And translated to chess?
    Hard to say. Just learning theory by heart is not enough. I guess you would need to play against a friend what you have learnt. If you learnt about rook endgames, you would need to play it several times against your friend and do spaced repetition with him for some weeks? Then you would be able to know the theory so well that you will still remember it even if you see it only in a blitz game 3 months later.

    I'd say it is also very important that you learn relevant ideas in chess. Like: the best defender you could wish for (in case your king is on the run) is: the knight.
    It is bloody tough to win against your naked king if there is a knight around, and maybe here and there some obstacle, which block the remaining checks that the knight does not cover.
    It is an issue I frequently consider when I am thinking of sacrificing a piece in order to rip up his casteling position (the 3 pawns in front of him) so I get a strong attack. When there are two knights around, I wont sacrifice - unless I see a clear material win. A tactical combination. But if I only see: "I have then a strong attack and he has 2 knights nearby" - I forget about the sac-idea.
    This simple rule serves well in 90% of all games. You really have hardly a good attack if your opponent has 2 knights around. Often, one knight is enough to spoil all your attacking hopes.
    That is why most exchange-sacrifice in chesstempo are probably "a rook for a knight" instead of "a rook for a bishop". Plus knowing this rule usually helps to save time (on average) and find the chesstempo tactic faster: always try first if getting rid of his knight could be the winning combination?

    Anyway, deep knowledge - knowing it very well is maybe still not enough. You can have very good marks in school in the foreign language and still you dont talk the foreign language. And probably only - ONLY - traveling to the foreign country and try to get engage in active talking can work the miracle that you start to speak the foreign language. Once you reached the stage where you can have conversations well enough to have friends (not just asking for the way) - only then you might be able to improve further with more study of the language (with a book at home), without engaging into active talks. When you reached the B1-level (see "Common European framework of Reference for a language"), only then you can become even better without further exposure, but just with learning at home. Simply add more vocabulary will then work wonders. Dont know if "simply" is exaggerated here, though.

  9. Tempo

    Are you going to list all (or most) elements you want to test and check out... while trying to learn "deep understanding" (in your perspective). If you can write a bit I will be very grateful. I am really interested at "the last method (way to improvement) I have not tried yet".

    Thanks in advance!

  10. Sorry, not to the subject, but maybe a thought for your next post?

    There is this known fact, that the difference of the ratings in long games and blitz games is not hugely different among grand masters.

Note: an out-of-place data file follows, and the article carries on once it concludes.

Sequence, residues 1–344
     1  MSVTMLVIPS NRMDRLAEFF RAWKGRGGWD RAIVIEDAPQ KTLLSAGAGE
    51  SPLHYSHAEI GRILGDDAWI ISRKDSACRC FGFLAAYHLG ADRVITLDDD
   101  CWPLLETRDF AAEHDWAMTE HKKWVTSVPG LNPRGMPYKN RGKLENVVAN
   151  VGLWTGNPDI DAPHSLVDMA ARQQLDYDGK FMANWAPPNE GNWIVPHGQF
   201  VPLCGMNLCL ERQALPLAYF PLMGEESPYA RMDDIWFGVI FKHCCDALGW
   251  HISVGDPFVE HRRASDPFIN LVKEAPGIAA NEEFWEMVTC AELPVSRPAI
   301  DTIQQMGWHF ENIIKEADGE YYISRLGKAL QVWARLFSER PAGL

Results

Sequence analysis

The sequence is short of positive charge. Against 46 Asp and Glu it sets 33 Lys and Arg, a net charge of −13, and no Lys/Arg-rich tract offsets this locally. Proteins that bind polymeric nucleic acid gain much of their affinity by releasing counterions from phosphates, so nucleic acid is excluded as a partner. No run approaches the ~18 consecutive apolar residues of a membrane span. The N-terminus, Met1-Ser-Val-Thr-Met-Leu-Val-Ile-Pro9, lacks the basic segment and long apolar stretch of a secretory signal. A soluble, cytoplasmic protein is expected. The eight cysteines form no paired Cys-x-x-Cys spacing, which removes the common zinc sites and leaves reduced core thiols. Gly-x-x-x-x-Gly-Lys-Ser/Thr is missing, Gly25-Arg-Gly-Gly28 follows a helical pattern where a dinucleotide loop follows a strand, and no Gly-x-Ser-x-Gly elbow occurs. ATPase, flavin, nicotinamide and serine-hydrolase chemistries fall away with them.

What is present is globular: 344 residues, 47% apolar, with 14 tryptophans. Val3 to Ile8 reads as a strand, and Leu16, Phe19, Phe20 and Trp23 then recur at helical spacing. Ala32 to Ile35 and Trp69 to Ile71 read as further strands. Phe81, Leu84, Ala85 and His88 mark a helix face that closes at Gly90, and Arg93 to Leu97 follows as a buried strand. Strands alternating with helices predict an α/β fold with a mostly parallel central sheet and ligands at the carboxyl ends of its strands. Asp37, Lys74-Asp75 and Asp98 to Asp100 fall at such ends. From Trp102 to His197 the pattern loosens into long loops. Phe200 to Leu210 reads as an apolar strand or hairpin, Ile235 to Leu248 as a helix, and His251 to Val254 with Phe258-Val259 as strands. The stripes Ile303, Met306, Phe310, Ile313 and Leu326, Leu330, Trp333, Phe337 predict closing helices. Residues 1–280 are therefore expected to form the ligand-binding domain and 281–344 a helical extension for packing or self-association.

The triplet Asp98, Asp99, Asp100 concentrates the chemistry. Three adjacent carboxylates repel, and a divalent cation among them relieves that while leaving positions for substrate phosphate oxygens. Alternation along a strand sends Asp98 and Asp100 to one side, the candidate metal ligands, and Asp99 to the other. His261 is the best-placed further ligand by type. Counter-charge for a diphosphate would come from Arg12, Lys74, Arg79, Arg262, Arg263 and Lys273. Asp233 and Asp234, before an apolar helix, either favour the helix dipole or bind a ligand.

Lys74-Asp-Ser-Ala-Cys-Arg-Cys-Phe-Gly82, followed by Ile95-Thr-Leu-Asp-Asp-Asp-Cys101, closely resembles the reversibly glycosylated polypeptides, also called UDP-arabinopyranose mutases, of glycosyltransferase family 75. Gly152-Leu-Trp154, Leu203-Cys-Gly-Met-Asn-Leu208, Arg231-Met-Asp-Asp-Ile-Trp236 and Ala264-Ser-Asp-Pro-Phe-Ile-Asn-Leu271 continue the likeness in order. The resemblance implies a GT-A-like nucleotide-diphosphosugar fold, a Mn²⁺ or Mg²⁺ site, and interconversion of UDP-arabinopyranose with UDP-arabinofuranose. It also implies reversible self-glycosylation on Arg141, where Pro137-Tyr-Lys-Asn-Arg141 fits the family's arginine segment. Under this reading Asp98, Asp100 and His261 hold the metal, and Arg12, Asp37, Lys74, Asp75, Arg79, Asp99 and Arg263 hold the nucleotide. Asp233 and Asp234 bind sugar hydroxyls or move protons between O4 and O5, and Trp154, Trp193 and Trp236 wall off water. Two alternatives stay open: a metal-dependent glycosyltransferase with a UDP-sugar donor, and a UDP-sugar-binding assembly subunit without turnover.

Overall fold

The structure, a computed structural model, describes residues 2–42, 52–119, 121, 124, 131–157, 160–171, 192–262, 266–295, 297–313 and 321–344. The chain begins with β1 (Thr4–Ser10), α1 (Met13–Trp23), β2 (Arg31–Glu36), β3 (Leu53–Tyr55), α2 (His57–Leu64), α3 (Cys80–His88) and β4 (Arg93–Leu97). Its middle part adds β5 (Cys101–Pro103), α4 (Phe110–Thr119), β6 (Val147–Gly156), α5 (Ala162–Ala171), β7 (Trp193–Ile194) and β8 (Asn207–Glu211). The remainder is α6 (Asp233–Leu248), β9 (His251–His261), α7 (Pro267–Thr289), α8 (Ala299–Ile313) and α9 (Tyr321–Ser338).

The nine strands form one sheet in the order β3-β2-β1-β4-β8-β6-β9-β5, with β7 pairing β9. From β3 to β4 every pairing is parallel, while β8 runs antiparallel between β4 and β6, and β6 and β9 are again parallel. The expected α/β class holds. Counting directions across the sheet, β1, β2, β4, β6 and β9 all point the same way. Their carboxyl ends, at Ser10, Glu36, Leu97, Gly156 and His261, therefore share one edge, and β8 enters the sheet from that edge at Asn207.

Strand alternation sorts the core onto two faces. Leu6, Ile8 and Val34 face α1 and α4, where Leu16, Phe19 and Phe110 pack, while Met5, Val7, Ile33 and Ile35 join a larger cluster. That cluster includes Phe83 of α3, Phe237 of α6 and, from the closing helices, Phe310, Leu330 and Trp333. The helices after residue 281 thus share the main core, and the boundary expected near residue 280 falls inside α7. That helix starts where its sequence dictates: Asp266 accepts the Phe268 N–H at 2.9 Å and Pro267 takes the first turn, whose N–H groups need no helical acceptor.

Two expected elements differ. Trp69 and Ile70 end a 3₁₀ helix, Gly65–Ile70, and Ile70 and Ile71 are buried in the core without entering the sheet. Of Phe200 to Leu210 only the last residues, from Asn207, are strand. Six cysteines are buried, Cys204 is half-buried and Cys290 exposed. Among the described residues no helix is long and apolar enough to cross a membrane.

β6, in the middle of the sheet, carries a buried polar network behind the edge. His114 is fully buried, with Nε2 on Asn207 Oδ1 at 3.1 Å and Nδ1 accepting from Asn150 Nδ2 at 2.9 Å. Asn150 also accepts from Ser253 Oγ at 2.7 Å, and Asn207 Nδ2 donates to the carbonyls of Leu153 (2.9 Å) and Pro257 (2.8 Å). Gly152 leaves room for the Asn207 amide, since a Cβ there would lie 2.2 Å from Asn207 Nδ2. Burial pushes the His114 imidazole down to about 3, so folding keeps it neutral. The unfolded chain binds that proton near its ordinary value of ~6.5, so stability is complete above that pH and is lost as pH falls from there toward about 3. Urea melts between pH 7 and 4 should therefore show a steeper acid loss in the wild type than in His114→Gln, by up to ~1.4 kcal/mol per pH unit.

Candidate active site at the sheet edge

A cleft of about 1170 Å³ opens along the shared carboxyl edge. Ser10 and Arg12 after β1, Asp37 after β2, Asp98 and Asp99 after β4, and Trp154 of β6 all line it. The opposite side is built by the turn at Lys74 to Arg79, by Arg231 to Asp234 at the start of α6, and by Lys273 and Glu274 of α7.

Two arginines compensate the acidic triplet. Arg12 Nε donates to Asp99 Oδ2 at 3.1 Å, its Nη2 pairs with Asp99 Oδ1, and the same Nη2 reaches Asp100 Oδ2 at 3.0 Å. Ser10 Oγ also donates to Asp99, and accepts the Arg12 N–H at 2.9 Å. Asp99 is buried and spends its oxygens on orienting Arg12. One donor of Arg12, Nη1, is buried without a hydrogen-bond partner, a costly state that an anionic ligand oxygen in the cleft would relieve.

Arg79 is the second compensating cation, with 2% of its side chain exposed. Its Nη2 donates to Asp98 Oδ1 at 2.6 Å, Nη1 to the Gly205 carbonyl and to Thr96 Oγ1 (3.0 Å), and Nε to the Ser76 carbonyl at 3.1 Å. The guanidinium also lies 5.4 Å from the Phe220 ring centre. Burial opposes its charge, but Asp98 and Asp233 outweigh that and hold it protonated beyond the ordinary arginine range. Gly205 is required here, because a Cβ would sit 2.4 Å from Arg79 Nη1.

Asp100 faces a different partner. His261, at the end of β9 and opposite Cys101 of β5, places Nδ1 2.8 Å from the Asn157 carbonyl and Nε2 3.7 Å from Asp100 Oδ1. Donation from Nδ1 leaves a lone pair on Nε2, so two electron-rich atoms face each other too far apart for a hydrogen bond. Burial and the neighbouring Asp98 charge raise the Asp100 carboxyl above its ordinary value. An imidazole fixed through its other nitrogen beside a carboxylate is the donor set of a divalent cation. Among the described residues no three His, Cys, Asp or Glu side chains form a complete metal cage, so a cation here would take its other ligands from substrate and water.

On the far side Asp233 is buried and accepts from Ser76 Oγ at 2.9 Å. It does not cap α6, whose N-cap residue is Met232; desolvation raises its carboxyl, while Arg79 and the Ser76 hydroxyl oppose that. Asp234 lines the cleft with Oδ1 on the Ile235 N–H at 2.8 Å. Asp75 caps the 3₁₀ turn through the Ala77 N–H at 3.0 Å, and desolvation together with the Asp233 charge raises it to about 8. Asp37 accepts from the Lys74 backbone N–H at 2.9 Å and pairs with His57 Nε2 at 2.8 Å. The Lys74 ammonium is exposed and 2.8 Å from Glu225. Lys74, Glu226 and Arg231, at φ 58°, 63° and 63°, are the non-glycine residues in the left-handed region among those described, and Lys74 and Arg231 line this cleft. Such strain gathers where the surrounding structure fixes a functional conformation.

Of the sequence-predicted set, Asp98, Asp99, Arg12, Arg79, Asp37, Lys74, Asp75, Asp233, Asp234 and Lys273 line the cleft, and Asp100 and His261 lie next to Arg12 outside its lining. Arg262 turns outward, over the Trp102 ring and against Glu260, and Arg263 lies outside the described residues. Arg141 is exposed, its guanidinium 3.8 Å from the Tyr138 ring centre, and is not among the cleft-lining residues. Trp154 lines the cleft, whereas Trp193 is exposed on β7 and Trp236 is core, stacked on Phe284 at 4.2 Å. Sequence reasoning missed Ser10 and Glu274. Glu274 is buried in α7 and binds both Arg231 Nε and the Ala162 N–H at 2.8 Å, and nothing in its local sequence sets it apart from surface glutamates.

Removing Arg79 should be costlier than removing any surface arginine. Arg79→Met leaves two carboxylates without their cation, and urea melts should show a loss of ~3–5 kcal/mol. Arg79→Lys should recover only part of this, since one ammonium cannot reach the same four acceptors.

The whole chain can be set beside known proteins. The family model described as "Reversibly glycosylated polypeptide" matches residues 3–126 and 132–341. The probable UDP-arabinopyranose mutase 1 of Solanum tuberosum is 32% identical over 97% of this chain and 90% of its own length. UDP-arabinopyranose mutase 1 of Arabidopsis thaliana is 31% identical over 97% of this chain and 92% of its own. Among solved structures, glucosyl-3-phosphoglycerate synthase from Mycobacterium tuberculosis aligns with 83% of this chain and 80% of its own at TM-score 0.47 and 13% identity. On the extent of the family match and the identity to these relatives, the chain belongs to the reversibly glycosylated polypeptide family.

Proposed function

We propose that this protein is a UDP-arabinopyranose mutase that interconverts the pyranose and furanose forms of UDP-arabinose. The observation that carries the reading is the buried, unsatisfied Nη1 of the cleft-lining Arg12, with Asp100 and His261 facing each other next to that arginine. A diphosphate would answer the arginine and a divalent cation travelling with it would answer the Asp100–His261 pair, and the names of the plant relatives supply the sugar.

However, there are some exceptions to that rule.
    At lichess, there had been a bullet-tournament, where Magnus Carlsen took part, too. Even though Carlsen won previous such tournaments, the most recent winner wasnt Carlsen but GM Andrew Tang. He is a 2500++ player.
    Here his profile.

    Or GM Bogdanovic: currently rated 2525 Fide elo, has an official Fide Blitz rating of 2697. But his best Blitz rating ever was 2815 Fide elo, placing him among the best players in the world.

    So there are some players out there, who are very good in fast stuff, and not so good (relatively seen) in longer time controlls.
    If there are such players on one side of the gauss-bell-curve distribution, there must be for sure players on the other side of the bell-distribution curve? Players like me, who are good in long time controlls, but much weaker in faster games. Here my profile:

    I have not seen any player similar to me, though. But I believe they exist, and probably among grandmasters, too?
    My ultra-bullet rank places me at "better than 47% of all players".
    My bullet rank places me at "better than 70%"
    My blitz rank places me at "better than 95%"
    My rapid rank places me at "better than 99.6%"
    My Classic rank places me at "better than 99.9%"

    I played many games against "our" Tomasz, who writes here at temposchlucker blog, too.
    Result: He beats me easily in bullet, but I faire much better in Blitz. We have not played any really long games, but I suppose I would win most of the games in such a case?

    Aox said my K-factor is very high. K means, that for instance if the thinking time is doubled, the player gains on average 100 elo rating points. But this is individually different. My K is rather a 200 elo jump per doubling the time, and some other players had only 50 elo jumps for doubling the thinking time.

    I have no idea, who K can be trained, and I guess, the trouble is that we dont really know what is the cause (the driver) of a high K.
    But to make an educated guess, it is like that: Blitz games and shorter games are more tactically driven. And I am weak in tactics.
    But in longer time controlls, fine evaluation is more important, and I can move very accurately, finding more often than others the best best computer move.
    Why is my fine evaluation better? I can only guess again: I know a lot. I have many, many little small rules, and probably think about them consciously, but also (most often I suppose) unsciously. My "Filter-System" for deciding what to move must be quite complex. I did "guess the move" games at chesstempo, and did very well there. Again, maybe not so well in deep tactics, but rather in positional games.